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American democracy is at an impasse. After years of zero-sum partisan trench warfare, our political institutions are deteriorating. Our norms are collapsing. Democrats and Republicans no longer merely argue; they cut off contact with each other. In short, the two-party system is breaking our democracy, and driving us all crazy.
Deftly weaving together history, democratic theory, and cutting edge political science research, Drutman tells the story of how American politics became so toxic, why the country is trapped in a doom loop of escalating two-party warfare, and why it is destroying the shared sense of fairness and legitimacy on which democracy depends. He argues that the only way out is to have more partisanship-more parties, to short-circuit the zero-sum nature of binary partisan conflict. American democracy was once stable because the two parties held within them multiple factions, which made it possible to assemble flexible majorities and kept the temperature of political combat from overheating. But as conservative Southern Democrats and liberal Northeastern Republicans disappeared, partisan conflict flattened and pulled apart. Once the parties fully separated, toxic partisanship took over. With the two parties divided over competing visions of national identity, Democrats and Republicans no longer see each other as opponents, but as enemies. And the more the conflict escalates, the shakier our democracy feels. Breaking the Two-Party Doom Loop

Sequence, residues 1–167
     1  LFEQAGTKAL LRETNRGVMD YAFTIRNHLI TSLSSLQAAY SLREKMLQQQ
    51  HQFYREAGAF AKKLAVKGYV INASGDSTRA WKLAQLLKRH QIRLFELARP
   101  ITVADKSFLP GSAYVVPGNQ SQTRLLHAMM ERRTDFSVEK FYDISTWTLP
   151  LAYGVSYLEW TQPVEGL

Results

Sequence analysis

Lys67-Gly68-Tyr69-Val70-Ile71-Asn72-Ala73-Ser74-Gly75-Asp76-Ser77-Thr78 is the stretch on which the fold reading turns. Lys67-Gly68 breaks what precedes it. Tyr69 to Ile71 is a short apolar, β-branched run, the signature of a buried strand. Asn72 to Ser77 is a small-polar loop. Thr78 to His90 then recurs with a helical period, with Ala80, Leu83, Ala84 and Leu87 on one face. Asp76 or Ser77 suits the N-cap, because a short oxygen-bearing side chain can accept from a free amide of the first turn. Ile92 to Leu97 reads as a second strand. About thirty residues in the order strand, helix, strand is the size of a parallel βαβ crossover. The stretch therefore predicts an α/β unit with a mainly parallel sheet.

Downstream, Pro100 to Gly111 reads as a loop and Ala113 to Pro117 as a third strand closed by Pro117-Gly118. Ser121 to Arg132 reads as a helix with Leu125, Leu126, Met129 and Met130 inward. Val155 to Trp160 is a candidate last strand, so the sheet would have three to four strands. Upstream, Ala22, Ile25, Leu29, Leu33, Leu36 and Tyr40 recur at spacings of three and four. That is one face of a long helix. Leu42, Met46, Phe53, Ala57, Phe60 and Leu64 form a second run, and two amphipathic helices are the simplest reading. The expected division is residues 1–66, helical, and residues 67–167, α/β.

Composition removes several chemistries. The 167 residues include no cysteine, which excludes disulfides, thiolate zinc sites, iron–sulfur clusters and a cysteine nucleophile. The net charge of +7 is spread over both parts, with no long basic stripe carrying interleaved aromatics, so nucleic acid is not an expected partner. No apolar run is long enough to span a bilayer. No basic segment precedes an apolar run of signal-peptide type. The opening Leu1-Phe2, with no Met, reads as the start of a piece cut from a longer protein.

makes a compelling case for large scale electoral reform-importantly, reform not requiring a constitutional amendment-that would give America more parties, making American democracy more representative, more responsive, and ultimately more stable.